That attitude does not represent classic conservative thought as even a cursory reading of Edmund Burke and F.H. Bradley will demonstrate. It is perhaps a direct descendent of the libertarian individualist anarchism of William Godwin and the sacred tenet of Private Judgement.

What would she do with Brexit? Out, Out, Out as she said in relation to Northern Ireland dismissing the woolly nostrums of Garret Fitzgerald. Brexit might be just the thing to break the U.K. union as the impossibility of not having a land border in Ireland became evident. The irony of history is a cliché that is sometimes unavoidable.

Friday, 18 January 2019

Swimming for Ireland and the U.S.A.

Liberal intelligentsia are like synchronised swim teams. No one wants to have his arse in the air while the others are going around in circles. Being on message, always on message is important if you want to remain on the team. Larry Donnelly writing in thejournal.ie swims on two national teams the Irish and the American: (Boston attorney lecturing in Galway Uni.)

irish journal article

Throughout the piece Larry sprinkles signals to show that his heart is in the right place
"These women and men deserve credit for being well ahead of those we elect – and of most pundits, this one included – in assessing where their fellow citizens were on the topic. “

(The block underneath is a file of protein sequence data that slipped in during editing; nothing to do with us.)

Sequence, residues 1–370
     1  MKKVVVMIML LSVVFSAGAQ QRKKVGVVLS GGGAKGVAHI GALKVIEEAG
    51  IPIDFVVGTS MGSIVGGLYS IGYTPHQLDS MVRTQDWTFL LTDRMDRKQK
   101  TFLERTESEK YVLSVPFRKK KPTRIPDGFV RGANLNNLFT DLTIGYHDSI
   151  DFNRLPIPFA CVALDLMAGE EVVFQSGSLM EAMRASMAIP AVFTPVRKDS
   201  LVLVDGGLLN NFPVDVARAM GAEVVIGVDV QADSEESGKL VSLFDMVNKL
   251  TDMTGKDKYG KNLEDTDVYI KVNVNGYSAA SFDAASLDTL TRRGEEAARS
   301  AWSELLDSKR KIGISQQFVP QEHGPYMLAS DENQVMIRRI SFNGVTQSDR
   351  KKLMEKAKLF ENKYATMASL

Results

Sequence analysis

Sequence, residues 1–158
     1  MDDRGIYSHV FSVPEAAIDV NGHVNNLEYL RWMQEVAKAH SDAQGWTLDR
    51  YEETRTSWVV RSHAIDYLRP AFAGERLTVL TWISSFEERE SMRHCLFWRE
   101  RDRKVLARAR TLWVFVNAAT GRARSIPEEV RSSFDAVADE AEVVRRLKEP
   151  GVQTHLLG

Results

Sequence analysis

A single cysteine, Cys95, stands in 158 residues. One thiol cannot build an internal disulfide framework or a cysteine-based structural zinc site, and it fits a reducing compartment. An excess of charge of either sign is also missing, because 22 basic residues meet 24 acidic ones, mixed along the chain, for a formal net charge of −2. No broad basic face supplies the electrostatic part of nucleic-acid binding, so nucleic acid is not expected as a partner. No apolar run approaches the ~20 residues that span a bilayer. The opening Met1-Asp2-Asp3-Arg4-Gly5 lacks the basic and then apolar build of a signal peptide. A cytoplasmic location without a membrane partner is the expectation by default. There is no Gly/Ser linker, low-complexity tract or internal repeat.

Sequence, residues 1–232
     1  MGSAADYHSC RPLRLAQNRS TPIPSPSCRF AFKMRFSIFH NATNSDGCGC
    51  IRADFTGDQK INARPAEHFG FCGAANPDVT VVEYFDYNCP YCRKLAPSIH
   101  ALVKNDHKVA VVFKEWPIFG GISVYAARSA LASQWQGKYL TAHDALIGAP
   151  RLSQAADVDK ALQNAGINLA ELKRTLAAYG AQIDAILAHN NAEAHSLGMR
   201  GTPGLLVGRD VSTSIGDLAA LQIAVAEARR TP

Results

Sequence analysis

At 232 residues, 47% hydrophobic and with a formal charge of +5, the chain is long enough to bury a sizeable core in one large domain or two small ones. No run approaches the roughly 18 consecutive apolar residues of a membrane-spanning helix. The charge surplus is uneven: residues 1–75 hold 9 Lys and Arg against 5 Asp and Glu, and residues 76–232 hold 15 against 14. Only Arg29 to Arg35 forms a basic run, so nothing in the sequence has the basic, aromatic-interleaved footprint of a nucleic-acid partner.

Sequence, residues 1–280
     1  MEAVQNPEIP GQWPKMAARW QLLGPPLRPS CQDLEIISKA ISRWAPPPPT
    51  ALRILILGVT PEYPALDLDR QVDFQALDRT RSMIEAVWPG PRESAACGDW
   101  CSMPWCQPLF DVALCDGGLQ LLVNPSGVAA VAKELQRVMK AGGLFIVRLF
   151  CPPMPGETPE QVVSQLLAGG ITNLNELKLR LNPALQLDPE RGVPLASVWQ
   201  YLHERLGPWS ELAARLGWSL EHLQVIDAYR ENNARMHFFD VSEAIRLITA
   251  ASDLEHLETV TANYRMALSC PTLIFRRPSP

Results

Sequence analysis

It struck me, however, that almost no dissenting voices were heard. Without re-litigating the case – which some on the pro-life/anti-abortion side regrettably seem resolved to do.

Larry regrets that abortion laws is not accepted as a done deal like gay marriage. One is real and the other is a parody might be a clue to sentiment on those issues. As an intelligent observer of the political scene Larry knows that abortion will be an election issue. Proportional representation ensures that last seats will be decided on transfers. The not-talking-about second preferences for Peter Casey in the recent presidential election tells me that politicians are nervous about the deep anger lurking in the long grass.

Thursday, 17 January 2019

Born in Exile by George Gissing (pub.1892)

George Gissing’s rate of production worked against the development of a good style. He wrote eight hours a day producing a novel every year. When he showed a publisher two volumes of Demos that had as a theme contemporary worker agitation he was told that if he could produce a third volume they would publish it immediately. In those days novels came in 3 volumes. He set to and wrote it in two weeks. No, one doesn’t read Gissing for the exquisite bouquet of a fine style. You are liable to find periphrasis and bathos and unconscious humour on every page but even so there is a documentary fever in his work as he strives to leave nothing out. My gude and I have been having fun with Godwin Peak’s first meeting with the nicely bred Sidwell Warricomb.